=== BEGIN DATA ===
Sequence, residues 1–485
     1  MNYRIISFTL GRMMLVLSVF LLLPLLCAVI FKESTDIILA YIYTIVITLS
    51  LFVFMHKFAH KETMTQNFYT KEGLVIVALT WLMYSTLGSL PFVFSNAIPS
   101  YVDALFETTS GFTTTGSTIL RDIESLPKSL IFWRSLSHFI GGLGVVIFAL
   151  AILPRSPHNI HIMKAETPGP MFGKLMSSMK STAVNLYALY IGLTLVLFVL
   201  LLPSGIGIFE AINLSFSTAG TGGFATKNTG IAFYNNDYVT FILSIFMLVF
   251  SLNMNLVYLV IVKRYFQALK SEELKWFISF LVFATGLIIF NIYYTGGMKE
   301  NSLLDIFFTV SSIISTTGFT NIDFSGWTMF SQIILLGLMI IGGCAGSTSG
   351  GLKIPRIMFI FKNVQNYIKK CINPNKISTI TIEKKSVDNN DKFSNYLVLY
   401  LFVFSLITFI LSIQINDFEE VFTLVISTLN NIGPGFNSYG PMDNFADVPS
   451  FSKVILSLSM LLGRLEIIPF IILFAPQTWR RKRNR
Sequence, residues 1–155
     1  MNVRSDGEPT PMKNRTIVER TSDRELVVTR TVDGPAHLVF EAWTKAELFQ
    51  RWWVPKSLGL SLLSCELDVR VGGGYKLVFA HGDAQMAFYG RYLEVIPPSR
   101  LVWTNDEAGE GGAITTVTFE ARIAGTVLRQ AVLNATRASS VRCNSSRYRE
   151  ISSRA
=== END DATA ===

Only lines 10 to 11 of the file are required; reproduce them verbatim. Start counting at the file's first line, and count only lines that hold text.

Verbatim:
   401  LFVFSLITFI LSIQINDFEE VFTLVISTLN NIGPGFNSYG PMDNFADVPS
   451  FSKVILSLSM LLGRLEIIPF IILFAPQTWR RKRNR